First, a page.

Bilingual Education – 10 reasons to start early

Many bilingual parents, when preparing the upcoming arrival of their first born consider the idea of initiating their child to they minority language (ml) at a later age, very often at around 3 years old.  This idea stems from the very common myths about bilingualism that young children get confused and suffer speech delay from having to handle more than one language.

Here are 10 thoughts you might want to consider before deciding whether to wait or initiate the bilingual education straight from birth:

  1. Science has recently demonstrated that babies aged under 1 year of age have a capacity to pick up any phoneme, which they later loose passed that age once certain neuronal pathways close up. If you want to find out more about babies’ unique language capacities, I suggest you view this very interesting TEDx video on Creating Bilingual Minds.
  2. Bilingualism is not in itself a cause of speech delay, confusion or other speech pathology. – Please read this great post written by specialists on When to Take your Bilingual Child to a Speech Pathologistas it has an enlightening paragraph on the normal language acquisition of a bilingual child.
  3. Over half of the world population is bi- or multilingual, and these people are not confused or speech delayed for being so.
  4. Instore a habit as early as possible – Make the use of the minority language a habit well anchored in your home life, and as you grow your child will be less likely to question its use since they have only ever know this situation.
  5. Introducing the ml from birth is more natural in the sense that you take the habit.  Changing your language habits at a later stage is a lot harder (there is nothing hard to break than a habit), both for adults and children.  In some instances, the child might even resist the change.  It will also require you to do some “teaching” of the ml which you do not have to do when you use the ml from birth as it is your sole communication mean.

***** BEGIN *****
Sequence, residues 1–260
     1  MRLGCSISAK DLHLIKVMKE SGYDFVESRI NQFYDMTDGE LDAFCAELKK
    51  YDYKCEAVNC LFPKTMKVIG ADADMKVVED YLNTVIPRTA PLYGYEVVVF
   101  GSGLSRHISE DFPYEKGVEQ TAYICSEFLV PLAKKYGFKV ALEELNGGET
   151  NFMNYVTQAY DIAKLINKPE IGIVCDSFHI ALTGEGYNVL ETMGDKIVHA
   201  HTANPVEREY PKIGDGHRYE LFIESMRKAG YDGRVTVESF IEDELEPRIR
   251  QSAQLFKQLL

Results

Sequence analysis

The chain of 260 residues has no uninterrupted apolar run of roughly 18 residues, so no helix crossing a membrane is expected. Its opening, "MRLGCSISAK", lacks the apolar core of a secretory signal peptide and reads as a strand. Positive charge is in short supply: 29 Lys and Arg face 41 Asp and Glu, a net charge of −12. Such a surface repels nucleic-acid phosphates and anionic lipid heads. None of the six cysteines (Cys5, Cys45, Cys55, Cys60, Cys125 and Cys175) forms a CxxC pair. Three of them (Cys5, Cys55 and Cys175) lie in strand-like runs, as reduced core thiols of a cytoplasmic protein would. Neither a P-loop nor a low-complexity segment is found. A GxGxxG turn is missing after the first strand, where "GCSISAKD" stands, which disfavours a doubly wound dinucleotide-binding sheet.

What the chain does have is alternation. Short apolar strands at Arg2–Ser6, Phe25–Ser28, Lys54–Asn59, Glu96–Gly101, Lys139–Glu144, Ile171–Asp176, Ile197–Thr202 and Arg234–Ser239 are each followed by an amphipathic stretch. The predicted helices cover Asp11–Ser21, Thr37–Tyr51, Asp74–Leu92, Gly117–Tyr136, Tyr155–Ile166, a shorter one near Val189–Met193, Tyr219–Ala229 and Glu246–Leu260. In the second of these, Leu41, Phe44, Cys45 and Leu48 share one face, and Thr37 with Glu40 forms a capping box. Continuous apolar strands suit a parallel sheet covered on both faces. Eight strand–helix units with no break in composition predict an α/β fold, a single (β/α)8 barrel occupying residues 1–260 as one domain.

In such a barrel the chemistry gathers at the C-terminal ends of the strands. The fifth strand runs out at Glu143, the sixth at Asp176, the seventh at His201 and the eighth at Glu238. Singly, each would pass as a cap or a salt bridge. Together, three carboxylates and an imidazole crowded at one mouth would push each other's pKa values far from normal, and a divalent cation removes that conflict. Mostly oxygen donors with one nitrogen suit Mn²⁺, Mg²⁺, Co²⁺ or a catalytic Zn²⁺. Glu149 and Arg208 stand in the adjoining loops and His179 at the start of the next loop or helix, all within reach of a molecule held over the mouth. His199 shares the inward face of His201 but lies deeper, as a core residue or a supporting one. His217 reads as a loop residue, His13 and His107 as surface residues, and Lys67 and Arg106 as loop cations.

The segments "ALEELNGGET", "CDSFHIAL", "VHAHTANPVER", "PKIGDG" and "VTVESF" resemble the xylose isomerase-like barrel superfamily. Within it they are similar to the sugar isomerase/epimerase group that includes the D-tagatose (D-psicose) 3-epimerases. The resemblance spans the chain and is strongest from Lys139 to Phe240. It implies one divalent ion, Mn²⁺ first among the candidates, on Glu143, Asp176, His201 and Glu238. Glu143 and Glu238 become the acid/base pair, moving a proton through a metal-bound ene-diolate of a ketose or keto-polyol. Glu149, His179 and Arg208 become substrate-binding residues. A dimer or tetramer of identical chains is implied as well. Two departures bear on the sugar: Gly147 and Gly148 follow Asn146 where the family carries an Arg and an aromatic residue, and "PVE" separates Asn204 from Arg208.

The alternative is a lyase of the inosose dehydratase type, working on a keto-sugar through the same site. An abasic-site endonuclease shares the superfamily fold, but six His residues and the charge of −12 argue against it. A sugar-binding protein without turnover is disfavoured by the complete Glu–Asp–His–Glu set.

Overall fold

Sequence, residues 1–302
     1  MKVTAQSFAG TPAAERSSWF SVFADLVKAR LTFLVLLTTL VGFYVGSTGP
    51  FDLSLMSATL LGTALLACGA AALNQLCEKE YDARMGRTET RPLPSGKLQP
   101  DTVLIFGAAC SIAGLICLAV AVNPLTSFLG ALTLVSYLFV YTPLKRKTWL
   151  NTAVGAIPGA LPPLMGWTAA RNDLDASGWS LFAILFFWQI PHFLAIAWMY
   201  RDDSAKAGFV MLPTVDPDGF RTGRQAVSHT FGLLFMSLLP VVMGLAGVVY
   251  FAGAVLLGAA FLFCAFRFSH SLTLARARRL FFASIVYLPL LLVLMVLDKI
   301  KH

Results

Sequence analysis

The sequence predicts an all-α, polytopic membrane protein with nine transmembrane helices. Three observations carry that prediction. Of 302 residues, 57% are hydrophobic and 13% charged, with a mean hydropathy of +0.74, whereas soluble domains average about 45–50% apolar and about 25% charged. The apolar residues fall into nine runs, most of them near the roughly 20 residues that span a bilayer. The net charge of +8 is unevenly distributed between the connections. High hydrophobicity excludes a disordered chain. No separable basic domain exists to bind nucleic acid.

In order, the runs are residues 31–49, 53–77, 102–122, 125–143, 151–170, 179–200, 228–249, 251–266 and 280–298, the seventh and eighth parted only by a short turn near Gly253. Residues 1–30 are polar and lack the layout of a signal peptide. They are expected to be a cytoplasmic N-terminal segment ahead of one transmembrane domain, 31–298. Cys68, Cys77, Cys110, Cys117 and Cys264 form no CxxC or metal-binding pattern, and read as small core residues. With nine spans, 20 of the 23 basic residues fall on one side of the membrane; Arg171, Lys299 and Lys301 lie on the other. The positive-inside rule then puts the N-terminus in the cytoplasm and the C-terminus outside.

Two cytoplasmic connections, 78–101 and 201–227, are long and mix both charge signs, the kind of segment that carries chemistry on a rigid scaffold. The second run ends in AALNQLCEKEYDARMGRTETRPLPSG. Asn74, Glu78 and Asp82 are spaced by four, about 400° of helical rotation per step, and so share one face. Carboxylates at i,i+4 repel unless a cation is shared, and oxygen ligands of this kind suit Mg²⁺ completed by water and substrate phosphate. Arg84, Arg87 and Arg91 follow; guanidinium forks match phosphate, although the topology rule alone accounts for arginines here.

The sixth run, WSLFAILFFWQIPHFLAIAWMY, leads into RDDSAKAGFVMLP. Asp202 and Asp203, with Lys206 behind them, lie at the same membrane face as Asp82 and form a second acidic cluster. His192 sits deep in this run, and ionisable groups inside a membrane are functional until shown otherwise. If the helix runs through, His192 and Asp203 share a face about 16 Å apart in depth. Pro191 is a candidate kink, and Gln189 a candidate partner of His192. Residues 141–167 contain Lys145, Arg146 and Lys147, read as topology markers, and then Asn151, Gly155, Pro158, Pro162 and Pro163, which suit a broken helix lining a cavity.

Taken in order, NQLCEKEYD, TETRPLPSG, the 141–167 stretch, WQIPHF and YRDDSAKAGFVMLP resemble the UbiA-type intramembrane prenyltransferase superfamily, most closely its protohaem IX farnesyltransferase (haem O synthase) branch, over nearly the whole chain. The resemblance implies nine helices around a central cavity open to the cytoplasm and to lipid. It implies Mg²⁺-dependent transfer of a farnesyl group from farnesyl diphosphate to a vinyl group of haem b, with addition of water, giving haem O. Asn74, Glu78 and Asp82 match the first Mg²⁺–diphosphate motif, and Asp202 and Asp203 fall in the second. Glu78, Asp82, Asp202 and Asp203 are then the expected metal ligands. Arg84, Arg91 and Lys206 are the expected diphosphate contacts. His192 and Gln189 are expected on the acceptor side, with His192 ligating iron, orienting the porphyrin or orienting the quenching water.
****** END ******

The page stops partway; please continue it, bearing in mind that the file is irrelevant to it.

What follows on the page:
6. Children have no prejudice as to one language or another – so make the most of it because once they will be schooled in the Majority Language they will develop the usual bias towards this language.
  7. Starting at a later age, your child might resent the effort of learning the ml, which s/he might not feel if the language is learnt from birth
  8. Having been spoken the minority language from birth, your child might develop a stronger affective bond with the language – which might help in avoiding situations of language resistance.
  9. The ml family will be able to communicate with your child from the very beginning and bond more easily, rather than the language being a communication issue for the first few years of your child’s life.
  10. Introducing the ml at a later age is no guarantee that your child will not code-switch – code-switch is the scientific name for when a bilingual uses more than one language in one sentence.  It is often mistaken as “confusion” by those unfamiliar with bilingualism.  Code-switching is not a sign of confusion but simply the easier way out for bilinguals when they do not want to make the effort to look for a word in another language or to convey a thought (I tend to do it and so does one of my work colleagues, and we are no children!).  Code-switching is a matter of comfort, not language confusion. 🙂

Any other thought to bear in mind? Please share them in the Comment section!


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